I gave up doing formal briefs in the second week of law school and started just annotating the cases in the margins of my book. That works fine for me. Then again, I'm not nearly the workhorse most law students are - I'm neurotic, but a rational neurotic. Unless for some particular reason briefing in the traditional sense provides you a benefit you can't obtain through a less time consuming method, do not just do it because everyone else is. And, in a broader sense, that advice should be applied to pretty much every other aspect of law school as well. And, again, I am not the typical law student, especially at the school I attend. But, ask anyone I study with/talk to and I've got just as good a grasp of the material as anyone else. I just trust myself enough to know what works for me, and to hell with the rest.

Ninja1

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Re: case briefs
« Reply #2 on: August 27, 2009, 01:38:12 AM »
Don't waste time briefing. The internet is all you really need, though you should still read or at least skim the cases if you have the time.

The only thing you usually need to comprehend about a case is what your prof thinks is important, and they'll tell you all about that.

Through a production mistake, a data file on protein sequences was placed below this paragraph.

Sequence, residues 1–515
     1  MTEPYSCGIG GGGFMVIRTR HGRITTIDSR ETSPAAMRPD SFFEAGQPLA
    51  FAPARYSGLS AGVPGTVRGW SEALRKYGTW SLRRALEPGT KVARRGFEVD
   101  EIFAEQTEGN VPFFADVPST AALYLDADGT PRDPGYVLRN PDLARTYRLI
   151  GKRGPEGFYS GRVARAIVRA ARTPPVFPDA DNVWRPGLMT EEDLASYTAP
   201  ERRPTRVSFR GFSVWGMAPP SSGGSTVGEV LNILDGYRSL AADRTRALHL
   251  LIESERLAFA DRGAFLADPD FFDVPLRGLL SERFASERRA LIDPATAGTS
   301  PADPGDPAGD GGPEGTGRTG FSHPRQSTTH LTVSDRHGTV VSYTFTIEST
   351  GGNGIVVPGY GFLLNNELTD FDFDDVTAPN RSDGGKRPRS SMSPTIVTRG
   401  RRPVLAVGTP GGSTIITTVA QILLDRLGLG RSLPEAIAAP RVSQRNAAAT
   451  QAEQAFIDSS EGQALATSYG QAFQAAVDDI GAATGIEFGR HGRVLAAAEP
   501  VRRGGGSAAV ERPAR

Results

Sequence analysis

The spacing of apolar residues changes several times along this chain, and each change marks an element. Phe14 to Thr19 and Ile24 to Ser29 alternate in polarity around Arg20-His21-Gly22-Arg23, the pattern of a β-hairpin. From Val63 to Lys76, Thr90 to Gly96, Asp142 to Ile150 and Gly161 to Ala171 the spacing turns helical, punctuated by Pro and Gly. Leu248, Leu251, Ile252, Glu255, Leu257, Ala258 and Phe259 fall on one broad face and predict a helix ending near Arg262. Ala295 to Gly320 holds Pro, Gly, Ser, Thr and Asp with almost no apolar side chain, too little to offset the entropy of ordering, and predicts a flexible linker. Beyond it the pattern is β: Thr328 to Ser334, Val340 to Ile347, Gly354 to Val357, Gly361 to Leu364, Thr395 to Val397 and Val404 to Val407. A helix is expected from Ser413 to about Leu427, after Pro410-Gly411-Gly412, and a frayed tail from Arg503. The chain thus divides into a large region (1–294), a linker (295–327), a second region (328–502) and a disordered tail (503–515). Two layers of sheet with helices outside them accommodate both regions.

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USAFVETERAN

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Re: case briefs
« Reply #3 on: August 31, 2009, 10:01:21 PM »
http://www.lawnix.com/cases/
Just type in the case A v. B and you will get a very concise case brief.  You will also get a few hours of your life back!!!

Ninja1

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Re: case briefs
« Reply #4 on: September 01, 2009, 02:47:39 AM »
http://www.lawnix.com/cases/
Just type in the case A v. B and you will get a very concise case brief.  You will also get a few hours of your life back!!!

If this site is as good as the last time I used it, it has a fractional amount of cases and most of the briefs suck.
I'mma stay bumpin' till I bump my head on my tomb.

Burning Sands, Esq.

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Re: case briefs
« Reply #5 on: September 01, 2009, 11:24:09 AM »